|Grand Prix Entries||179|
|Grand Prix Wins||14|
Graham Hill's iron-willed determination, fierce pride and great courage enabled him to overcome the odds against more naturally gifted drivers. None of them was more popular with the public than the moustachioed extrovert with the quick wit, who loved the limelight, was a natural entertainer and became one of the first Formula One media stars. His fans remained loyal, even when he damaged his reputation by racing too long past his prime. Millions were shocked when he was killed, not in a racing car, but at the controls of his plane.
Norman Graham Hill was born in north London on February 15, 1929. He claimed he inherited his determination from his mother and his sense of humour from his father, a stock broker. Both qualities were required to endure the deprivations and dangers of life in wartime London, where Hill grew up during the Blitz. He played drums in a Boy Scout band, went to a technical school and at 16 became an apprentice for the Smith instrument company. He bought a motorcycle and on a foggy night crashed it into the back of a stopped car, suffering a broken thigh that permanently shortened his left leg. In 1952 he joined the London Rowing Club, took to the sport like a duck to water and would later wear the club's insignia (eight vertical stripes representing oars) on his racing helmet. Before that, however, he had to wear a Royal Navy uniform, in which he felt like a fish out of water. He resented the compulsory nautical service and as a sign of protest deliberately contravened naval regulations by cultivating the neatly trimmed moustache that would become his trademark.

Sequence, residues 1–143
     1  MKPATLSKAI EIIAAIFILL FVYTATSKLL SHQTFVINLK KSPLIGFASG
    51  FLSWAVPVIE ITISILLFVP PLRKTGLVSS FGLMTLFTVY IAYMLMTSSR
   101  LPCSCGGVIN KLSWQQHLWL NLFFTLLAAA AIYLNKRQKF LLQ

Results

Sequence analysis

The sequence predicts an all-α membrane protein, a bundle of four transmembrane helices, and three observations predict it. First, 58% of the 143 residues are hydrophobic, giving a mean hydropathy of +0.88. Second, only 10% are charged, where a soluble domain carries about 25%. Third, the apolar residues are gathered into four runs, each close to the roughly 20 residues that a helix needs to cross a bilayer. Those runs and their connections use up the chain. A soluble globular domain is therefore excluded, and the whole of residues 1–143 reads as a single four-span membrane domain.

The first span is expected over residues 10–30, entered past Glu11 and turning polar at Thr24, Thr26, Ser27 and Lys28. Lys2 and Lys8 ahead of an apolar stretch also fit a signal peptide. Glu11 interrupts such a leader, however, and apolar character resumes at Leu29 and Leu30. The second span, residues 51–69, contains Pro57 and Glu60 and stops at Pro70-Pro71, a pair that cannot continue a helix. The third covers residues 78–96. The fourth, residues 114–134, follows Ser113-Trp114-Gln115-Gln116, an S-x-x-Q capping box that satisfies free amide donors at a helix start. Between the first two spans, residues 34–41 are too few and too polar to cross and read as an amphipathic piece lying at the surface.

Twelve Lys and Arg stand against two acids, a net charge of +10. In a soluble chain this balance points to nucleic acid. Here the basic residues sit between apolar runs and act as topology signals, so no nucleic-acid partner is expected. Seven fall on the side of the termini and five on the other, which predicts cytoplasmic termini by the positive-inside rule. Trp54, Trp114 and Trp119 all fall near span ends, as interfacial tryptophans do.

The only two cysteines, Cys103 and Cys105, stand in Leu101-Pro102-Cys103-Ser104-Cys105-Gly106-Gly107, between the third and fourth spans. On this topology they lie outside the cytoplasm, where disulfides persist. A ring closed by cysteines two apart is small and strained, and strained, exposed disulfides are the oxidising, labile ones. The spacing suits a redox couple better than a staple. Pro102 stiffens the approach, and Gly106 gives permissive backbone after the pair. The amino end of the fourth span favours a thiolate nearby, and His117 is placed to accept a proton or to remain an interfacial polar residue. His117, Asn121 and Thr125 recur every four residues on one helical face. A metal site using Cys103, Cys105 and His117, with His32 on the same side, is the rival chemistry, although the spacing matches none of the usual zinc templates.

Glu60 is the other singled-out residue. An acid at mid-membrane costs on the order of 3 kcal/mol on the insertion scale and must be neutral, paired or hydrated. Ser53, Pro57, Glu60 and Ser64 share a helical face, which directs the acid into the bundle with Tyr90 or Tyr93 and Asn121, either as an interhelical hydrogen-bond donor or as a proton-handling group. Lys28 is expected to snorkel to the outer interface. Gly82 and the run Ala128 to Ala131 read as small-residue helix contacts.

In 1953, on a whim, he tried a few laps around Brands Hatch in a F3 car and was "immediately bitten by the racing bug." His desire to scratch the itch was hampered by two problems: he hardly knew how to drive even a road car and could scarcely afford to fund a racing habit. He bought a rattletrap 1934 Morris, taught himself how to drive and got a license to drive on public roads. He quit his job at Smith's, collected unemployment insurance and talked his way into a job as a mechanic at a racing school, where he soon became an instructor. He competed in a couple of races and met Colin Chapman, then in the early stages of developing his Lotus cars. After persuading Chapman to give him a part-time job (at one pound per day) Hill soon became a full time Lotus employee, and was rewarded with the occasional race.
In 1958 Chapman decided Team Lotus was ready for the big time and Graham Hill became a Formula One driver. However, the Lotus was both slow and unreliable and when little improvement came in 1959, the ever-ambitious Hill switched to BRM for 1960. This seemed like a bad career move because in its decade of existence the beleaguered British Racing Motors Formula One effort had started slowly then tapered off.
But Hill pitched into the depressed team and proceeded to haul it up by its bootstraps, leading by example, working hard and deliberately affecting an optimistic outlook that boosted morale and produced ever-improving results. In 1962 he won in Holland, Germany, Italy and South Africa to collect a World Championship he fully deserved. As well as establishing himself as a driver of the top rank he was also a frontrunner in terms of public acclaim.